XR in Education

Junichi Nakamura explores the benefits of incorporating XR in education and how Reality Composer, Swift UI and Xcode can be used to create XR models.

XR in Education

XR is a collective term that stands for Virtual Reality, Augmented Reality and Mixed Reality. I am very interested in utilizing XR technologies in education.

Many people already understand the meaning of AR. We are aware that augmented reality is a method of expression and an environment in which a viewpoint can be altered. Apple introduced a program called Everyone Can Create at an event in Chicago in 2018, which has four categories: music, sketches, photos, and videos. In my opinion, AR has the potential to be a fifth category within Everyone Can Create. It has tremendous power that can be used to freely change one’s viewpoint to see the world from a different perspective.  It enables a coexistence between both the real and digital worlds and allows users to think and guess from different viewpoints.  The other four elements are incapable of this. Furthermore, it is becoming one of the new methods of expression in modern learning activities.

In fact, various applications that can be used to create AR models have already been released and their usage in educational settings is diverse and growing. Rather than using it throughout a lesson, teachers can incorporate AR at different times, such as during a lesson introduction or as part of a plenary.  With AR there are many practices which are not limited to specific subjects.  Teachers can use XR to help students gain a better understanding when presenting teaching material. Additionally, it may be used as a teaching material that visually supports storytelling and language learning or it may be used for disaster prevention education, such as projecting a disaster scene that is difficult to imagine within a normal environment.

In order to “augment” the possibilities of AR in such educational settings, we believe that teachers need experience in creating objects and coding them into applications. In early September, a session was held online to kick-start this process.  Every Saturday night, about ten ADEs (Apple Distinguished Educators) gather online to learn about Swift UI. We call it “Saturday Night Coder.”

Since January, Mr. Mori, the host of the group has led great sessions providing all participants with the opportunity to become acquainted with how to use SwiftUI and how to code using Xcode.  During September, a session was delivered which focused on creating an AR object using Reality Composer and a follow-up session was held on implementing this AR object in code using Xcode.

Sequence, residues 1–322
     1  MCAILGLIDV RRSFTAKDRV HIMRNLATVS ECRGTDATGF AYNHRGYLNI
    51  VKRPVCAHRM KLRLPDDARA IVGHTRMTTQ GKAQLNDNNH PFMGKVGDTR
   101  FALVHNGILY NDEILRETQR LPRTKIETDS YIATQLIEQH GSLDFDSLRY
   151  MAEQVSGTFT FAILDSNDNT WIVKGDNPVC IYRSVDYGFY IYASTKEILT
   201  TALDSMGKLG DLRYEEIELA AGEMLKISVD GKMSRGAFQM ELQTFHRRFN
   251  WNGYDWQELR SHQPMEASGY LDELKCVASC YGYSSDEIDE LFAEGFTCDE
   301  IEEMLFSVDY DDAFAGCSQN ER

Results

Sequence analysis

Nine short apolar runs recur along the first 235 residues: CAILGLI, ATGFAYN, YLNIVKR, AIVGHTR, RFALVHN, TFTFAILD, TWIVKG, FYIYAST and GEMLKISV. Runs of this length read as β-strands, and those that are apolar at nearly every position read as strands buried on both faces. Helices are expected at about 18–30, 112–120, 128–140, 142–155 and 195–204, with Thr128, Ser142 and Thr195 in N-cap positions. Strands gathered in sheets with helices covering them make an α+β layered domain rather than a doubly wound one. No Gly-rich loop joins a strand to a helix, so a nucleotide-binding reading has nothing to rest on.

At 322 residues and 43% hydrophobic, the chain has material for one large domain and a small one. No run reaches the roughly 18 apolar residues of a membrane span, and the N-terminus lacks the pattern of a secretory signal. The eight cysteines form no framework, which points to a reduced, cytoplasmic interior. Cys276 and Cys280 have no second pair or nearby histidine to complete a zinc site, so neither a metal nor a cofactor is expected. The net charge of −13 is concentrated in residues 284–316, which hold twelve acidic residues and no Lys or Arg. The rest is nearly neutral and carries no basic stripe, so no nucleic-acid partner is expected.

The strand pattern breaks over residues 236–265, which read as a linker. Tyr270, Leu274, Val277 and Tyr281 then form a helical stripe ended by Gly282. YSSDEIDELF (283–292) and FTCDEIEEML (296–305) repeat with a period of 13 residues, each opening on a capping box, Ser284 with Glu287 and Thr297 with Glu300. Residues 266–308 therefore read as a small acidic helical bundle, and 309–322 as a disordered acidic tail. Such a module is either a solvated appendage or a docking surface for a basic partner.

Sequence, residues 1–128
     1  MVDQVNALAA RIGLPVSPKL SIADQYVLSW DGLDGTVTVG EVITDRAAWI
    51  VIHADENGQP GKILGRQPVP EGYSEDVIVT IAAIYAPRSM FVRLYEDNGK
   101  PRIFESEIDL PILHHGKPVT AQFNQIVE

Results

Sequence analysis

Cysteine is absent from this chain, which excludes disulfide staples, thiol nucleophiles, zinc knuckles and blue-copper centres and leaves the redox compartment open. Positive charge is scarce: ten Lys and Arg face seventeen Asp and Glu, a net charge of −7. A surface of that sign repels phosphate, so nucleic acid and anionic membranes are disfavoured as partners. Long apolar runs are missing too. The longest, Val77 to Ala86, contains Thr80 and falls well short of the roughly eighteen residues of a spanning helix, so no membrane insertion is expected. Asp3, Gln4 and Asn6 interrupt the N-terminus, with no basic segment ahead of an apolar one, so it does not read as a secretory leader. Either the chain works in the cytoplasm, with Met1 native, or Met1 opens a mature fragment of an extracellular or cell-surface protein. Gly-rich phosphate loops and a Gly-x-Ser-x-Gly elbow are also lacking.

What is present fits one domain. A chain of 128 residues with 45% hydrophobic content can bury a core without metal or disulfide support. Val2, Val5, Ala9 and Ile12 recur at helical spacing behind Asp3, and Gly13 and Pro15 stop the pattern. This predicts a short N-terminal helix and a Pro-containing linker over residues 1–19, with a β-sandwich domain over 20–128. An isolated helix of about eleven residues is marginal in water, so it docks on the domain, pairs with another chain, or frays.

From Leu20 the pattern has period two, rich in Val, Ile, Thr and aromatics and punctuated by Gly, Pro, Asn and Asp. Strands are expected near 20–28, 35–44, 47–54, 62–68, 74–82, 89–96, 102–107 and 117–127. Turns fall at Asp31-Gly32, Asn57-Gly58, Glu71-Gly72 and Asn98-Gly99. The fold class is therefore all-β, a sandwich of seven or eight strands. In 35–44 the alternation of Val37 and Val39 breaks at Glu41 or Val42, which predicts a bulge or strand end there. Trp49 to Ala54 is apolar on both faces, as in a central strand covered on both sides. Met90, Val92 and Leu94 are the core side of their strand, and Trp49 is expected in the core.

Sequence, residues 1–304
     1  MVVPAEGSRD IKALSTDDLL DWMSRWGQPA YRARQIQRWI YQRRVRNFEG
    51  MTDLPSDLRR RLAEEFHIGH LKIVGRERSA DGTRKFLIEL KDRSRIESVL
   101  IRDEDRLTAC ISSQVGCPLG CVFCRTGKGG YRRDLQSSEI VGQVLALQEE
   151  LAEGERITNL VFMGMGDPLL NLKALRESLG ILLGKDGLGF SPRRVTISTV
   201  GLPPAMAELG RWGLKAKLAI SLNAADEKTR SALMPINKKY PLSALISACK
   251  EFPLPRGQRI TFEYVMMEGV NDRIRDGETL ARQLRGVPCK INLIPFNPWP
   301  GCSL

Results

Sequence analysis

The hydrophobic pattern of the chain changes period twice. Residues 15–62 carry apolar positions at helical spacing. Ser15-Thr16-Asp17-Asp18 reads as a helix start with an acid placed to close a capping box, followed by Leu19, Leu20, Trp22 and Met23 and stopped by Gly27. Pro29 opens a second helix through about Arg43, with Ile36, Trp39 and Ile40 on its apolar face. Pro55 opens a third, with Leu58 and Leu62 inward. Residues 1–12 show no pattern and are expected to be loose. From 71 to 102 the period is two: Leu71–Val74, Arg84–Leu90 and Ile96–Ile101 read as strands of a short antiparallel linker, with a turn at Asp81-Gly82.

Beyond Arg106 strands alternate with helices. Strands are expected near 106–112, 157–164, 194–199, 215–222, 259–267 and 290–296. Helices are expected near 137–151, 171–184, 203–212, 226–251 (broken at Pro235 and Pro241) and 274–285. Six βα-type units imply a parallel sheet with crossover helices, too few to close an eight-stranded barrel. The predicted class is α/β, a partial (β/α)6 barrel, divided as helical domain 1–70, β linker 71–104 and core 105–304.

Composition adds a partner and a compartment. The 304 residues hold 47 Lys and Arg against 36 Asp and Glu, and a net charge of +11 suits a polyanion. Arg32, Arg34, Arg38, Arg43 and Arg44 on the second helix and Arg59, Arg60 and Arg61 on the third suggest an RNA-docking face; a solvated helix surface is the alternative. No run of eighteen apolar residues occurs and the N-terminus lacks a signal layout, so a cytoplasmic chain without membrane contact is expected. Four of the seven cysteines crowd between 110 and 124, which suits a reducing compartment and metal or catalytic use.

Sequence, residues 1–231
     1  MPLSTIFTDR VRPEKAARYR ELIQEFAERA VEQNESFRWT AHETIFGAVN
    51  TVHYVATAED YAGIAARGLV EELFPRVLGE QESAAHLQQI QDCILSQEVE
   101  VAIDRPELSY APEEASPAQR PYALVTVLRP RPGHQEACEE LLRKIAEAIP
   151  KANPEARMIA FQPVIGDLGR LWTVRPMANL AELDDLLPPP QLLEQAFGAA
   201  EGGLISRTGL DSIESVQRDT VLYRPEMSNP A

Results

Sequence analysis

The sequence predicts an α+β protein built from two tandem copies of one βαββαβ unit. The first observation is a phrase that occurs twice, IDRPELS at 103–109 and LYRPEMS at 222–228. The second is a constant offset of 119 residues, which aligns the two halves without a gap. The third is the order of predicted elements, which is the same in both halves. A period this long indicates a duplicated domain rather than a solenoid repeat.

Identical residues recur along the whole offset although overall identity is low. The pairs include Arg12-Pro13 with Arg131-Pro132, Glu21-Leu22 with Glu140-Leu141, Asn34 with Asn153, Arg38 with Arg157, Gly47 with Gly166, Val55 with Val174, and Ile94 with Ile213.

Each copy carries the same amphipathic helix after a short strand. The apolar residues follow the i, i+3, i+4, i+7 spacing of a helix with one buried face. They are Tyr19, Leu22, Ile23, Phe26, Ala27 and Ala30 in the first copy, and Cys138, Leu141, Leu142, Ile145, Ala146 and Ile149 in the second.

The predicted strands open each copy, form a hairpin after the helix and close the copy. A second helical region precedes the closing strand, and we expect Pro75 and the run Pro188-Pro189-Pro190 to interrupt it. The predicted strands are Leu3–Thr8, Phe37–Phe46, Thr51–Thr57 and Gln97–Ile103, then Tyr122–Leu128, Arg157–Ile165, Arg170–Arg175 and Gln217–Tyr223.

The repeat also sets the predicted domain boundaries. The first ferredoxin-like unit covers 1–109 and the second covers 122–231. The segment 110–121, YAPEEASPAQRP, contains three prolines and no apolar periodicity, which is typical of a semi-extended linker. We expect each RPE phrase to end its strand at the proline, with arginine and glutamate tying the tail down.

Reality Composer is an application that develops AR objects and the scenes in which they are used, however it can also be regarded as a very simple 3D object creation tool. Rich creativity is required to create new shapes by combining parts such as cubes, spheres, cylinders and arrows. The theme of the session was to create a model of a house. The following week we created an application that projected this AR object into a real space by slightly rewriting the code within Xcode. Whilst it was possible to project the model within Reality Composer, it was important to understand the benefit of incorporating models into Xcode.

Saturday Night Coder
Using Spatial.io to discuss the use of XR in medicine
Learning to create XR
XR Modelling

Most of the sessions during “Saturday Night Coder” are focused on introducing Xcode. I actually thought Xcode was a very difficult language to learn but I was pleasantly surprised.  Rather than having to write everything from scratch, we actually learned how to combine snippets of code, how to rewrite and modify existing code and how to read the necessary files. That’s why the meaning of writing code is changing. This trend is expected to accelerate in the future as one of the methods of expression for students will be to easily create AR objects, read them into code and output what they have learned.

I am also very interested in incorporating VR goggles into teaching and learning. Just the other day, Maki Sugimoto, a friend and great doctor, took to the stage at an online seminar in our school. Mr. Sugimoto is one of Japan’s leading medical practitioners and he incorporates cutting-edge technologies such as XR, image analysis, 3D modelling and printing technology into medical care. Now that we are in the ‘new normal’ era, he talked to our students about the role that technology plays in society from a medical perspective and about the importance of social values. Finally, using http://Spatial.io, we shared screens and had a conversation in a VR space.

In present education, it is important to feel the significance of learning whilst also predicting what the future will look like and what it should be.  I think there are various ways to support that learning.   EdTech should be actively introduced.  XR technologies are not special technologies that can be used in the future. XR can be adopted and used regularly within education now.   As educators we need to have conversations about how to utilize them and how they can contribute to the improvement of society. We must start to use them now!


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